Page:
Pediatric Care Online : Chapter 183: Foot and Leg Problems




Pediatric Care Online
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Chapter 183: Foot and Leg Problems
TOE DEFORMITIES IN CHILDREN

Hallux Valgus




Hallux valgus is a common problem. In a child with hallux valgus (Figure 183-2), the great toe is deviated laterally to overlap the second toe, and the first metatarsal bone is deviated medially, causing a prominence to form on the medial aspect of the metatarsophalangeal (MTP) joint. A bursa forms over the area as a result of the constant irritation and inflammation, forming a painful bunion. Some degree of foot pronation (flat feet) associated with the condition may be found.

Many factors come into play to cause the problem, including foot structure, which may or may not be hereditary, and use of narrow stylized shoes that crimp the toes. Most cases of hallux valgus are mild and asymptomatic and do not need treatment. Patients should be counseled in wearing shoes with plenty of toe room and no heels. If flatfoot is present, then a shoe insert to correct the foot pronation may help prevent progression of the disease. In the more severe cases, surgical correction may be needed.




Figure 183-2
Common toe anomalies.Hammertoe


Hammertoe occurs at the proximal interphalangeal joint (PIP) (see Figure 183-2). In an infant, hammertoe is usually hereditary; in the older child, it usually results from faulty shoe wear. Most cases of hammertoe are mild, cause no pain, and can be left alone. Parents should make sure that the child has roomy shoes that allow the toes to stretch. In the more severe cases, at an older age, surgical correction may be needed.
Mallet Toe


Mallet toe occurs at the distal interphalangeal joint (DIP) (see Figure 183-2). Most cases of mallet toe are mild and need no treatment. When a corn develops over the deformity, shaving and padding will help. In the more severe cases, surgical correction can be performed.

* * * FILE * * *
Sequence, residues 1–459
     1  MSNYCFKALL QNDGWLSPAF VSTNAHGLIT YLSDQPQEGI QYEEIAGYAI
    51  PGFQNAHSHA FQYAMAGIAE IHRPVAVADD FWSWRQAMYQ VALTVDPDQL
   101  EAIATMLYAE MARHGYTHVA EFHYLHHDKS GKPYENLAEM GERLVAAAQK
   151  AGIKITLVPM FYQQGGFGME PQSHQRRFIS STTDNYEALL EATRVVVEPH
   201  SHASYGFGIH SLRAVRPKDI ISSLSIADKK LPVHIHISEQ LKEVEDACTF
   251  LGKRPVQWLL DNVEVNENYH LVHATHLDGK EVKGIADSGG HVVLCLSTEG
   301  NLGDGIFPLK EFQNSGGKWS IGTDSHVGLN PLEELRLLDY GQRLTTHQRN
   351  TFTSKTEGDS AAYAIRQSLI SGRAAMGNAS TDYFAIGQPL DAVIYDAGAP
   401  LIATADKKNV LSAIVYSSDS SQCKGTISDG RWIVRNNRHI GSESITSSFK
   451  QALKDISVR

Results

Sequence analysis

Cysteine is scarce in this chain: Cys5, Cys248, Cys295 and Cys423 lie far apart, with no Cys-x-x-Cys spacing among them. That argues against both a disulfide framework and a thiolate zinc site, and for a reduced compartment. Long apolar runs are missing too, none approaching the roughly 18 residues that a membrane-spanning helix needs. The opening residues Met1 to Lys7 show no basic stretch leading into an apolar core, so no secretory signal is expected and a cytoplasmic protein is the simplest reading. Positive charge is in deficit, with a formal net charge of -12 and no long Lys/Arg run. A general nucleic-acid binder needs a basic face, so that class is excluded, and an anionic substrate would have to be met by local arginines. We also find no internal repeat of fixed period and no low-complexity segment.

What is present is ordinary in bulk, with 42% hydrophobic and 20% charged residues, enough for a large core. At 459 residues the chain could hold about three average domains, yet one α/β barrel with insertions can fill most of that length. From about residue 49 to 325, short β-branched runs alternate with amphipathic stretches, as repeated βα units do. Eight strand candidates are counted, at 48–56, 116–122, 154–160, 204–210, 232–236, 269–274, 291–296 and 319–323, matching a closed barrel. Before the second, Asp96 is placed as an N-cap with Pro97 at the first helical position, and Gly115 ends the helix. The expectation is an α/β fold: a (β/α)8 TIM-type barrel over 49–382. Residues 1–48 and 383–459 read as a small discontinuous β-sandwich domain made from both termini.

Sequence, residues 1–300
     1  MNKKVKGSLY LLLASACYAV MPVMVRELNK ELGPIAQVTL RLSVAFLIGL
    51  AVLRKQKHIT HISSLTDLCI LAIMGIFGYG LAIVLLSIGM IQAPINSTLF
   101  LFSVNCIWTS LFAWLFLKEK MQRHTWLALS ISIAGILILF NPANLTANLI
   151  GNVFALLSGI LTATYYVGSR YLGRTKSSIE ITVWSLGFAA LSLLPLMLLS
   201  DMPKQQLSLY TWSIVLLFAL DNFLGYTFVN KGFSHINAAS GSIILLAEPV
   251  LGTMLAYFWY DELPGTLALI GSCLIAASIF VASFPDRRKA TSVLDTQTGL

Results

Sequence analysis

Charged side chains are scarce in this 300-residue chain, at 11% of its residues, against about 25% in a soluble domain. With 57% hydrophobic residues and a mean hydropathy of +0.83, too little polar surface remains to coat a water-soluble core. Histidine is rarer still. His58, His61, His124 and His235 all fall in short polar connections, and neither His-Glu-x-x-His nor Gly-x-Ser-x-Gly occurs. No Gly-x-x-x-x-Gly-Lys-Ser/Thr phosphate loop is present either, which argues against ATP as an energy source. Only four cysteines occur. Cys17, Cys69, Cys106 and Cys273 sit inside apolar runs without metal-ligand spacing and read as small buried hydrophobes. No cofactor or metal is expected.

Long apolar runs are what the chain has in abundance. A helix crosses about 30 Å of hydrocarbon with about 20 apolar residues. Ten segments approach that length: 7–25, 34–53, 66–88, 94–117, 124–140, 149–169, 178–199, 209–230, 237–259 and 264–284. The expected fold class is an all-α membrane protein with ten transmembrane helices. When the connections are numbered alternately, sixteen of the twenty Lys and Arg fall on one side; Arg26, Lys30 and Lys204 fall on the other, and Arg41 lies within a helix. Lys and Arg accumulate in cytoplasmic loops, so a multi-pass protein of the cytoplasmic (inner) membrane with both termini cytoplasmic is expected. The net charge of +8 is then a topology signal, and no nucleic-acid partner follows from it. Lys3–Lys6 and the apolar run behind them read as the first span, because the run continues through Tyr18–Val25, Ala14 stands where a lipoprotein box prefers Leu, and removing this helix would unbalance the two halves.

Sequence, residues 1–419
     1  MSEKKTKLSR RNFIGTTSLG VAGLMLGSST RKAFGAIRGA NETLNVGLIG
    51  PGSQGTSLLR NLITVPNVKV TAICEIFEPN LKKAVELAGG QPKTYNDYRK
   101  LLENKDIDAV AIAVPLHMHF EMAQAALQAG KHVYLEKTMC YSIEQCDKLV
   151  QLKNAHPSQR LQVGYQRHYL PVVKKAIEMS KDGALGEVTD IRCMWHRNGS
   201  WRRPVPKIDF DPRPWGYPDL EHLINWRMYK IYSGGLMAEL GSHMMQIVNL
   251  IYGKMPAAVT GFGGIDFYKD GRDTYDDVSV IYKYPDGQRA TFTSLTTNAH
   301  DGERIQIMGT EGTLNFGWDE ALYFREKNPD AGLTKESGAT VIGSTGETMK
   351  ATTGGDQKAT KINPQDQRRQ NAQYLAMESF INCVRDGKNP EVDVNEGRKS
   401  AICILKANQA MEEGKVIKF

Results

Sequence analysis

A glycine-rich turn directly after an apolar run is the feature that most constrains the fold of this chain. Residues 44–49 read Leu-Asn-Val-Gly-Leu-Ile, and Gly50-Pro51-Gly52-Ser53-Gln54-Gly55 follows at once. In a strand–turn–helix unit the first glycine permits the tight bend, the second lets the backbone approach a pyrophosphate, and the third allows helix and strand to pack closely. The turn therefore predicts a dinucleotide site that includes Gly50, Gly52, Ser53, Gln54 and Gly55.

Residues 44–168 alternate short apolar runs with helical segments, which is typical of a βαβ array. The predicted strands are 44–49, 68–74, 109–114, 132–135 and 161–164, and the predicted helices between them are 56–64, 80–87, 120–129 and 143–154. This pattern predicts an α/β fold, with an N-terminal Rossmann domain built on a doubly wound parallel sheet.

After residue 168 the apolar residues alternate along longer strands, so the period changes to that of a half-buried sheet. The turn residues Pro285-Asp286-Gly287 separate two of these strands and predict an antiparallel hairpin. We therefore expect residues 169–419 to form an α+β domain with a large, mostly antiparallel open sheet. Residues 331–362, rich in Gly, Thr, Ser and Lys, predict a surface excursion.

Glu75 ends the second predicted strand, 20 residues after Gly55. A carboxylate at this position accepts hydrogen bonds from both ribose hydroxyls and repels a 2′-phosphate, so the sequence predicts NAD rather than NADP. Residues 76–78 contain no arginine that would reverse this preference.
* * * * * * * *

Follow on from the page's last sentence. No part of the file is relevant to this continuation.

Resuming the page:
Claw Toe


Claw toe involves all joints of the toe--hyperextension of the MTP joints and flexion at both the PIP and DIP joints (see Figure 183-2). Claw toe is a rare condition but usually occurs in conjunction with a cavus foot, present in neuromuscular diseases such as Charcot-Marie-Tooth disease or myelomeningocele.
Curly Toe


In a child with a curly toe 4th or 5th toe is usually flexed downward and twisted underneath the adjacent toe (see Figure 183-2). Curly toe is quite common in infancy and childhood. If curly toe does not cause symptoms, then no treatment is needed; if the condition is severe and causes irritation with shoe wear, then surgical transfer of the toe flexor may correct the problem.
Polydactyly


Polydactyly, the presence of an extra digit, usually the great toe or 5th toe (see Figure 183-2), may exist as an isolated finding or as part of a more extensive syndrome of congenital anomalies (5% of cases). The family history of the same anomaly is often found. If the extra toe is not causing problems with walking and shoe wear, then no treatment is needed. Vestigial digits can be ablated by suture ligation. If the duplication occurs in the little or big toe and sticks out prominently, then difficulty with shoe wear is common. In these cases, surgical excision will remove the problem. Surgery is typically performed after 9 to 12 months of age.
Syndactyly


Syndactyly, the presence of webbed digits (toes) (see Figure 183-2), may also exist as an isolated finding or as part of a more extensive syndrome of congenital anomalies (5% of cases). A family history of the same anomaly is often found. Syndactyly is quite common and rarely causes problems. The interconnection between two or more toes can vary from thin skin to a bony attachment (synostosis) between parts of the phalanges. Unlike in the fingers, in which surgical separation is needed to obtain finer hand functions, syndactyly in the toes does not need treatment. The growth differential between the involved toes tends not to be significant.
Bunionette (Tailor Bunion)


Whereas a bunion forms on the great toe, the less common bunionette occurs at the fifth MTP joint. When a bunionette develops, the bursa over the lateral aspect of the fifth MTP joint gets prominent and inflamed and painful. If padding does not help relieve the discomfort of a bunionette, then surgical correction is needed.

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